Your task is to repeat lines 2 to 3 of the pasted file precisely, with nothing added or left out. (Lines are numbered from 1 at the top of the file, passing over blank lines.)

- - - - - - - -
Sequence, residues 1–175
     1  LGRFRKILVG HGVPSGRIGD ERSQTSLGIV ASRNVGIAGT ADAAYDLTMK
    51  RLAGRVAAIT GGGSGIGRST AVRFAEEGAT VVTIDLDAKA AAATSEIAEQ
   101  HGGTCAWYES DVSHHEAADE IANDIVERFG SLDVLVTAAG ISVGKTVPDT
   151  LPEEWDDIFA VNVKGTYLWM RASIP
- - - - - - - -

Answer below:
     1  LGRFRKILVG HGVPSGRIGD ERSQTSLGIV ASRNVGIAGT ADAAYDLTMK
    51  RLAGRVAAIT GGGSGIGRST AVRFAEEGAT VVTIDLDAKA AAATSEIAEQ